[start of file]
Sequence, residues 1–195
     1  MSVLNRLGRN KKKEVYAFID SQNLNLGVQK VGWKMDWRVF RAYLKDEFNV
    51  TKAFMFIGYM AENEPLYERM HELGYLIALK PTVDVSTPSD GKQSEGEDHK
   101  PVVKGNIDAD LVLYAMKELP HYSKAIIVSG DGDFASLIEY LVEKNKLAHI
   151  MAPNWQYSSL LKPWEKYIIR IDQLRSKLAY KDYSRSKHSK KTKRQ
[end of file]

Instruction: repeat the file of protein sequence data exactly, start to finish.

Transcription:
Sequence, residues 1–195
     1  MSVLNRLGRN KKKEVYAFID SQNLNLGVQK VGWKMDWRVF RAYLKDEFNV
    51  TKAFMFIGYM AENEPLYERM HELGYLIALK PTVDVSTPSD GKQSEGEDHK
   101  PVVKGNIDAD LVLYAMKELP HYSKAIIVSG DGDFASLIEY LVEKNKLAHI
   151  MAPNWQYSSL LKPWEKYIIR IDQLRSKLAY KDYSRSKHSK KTKRQ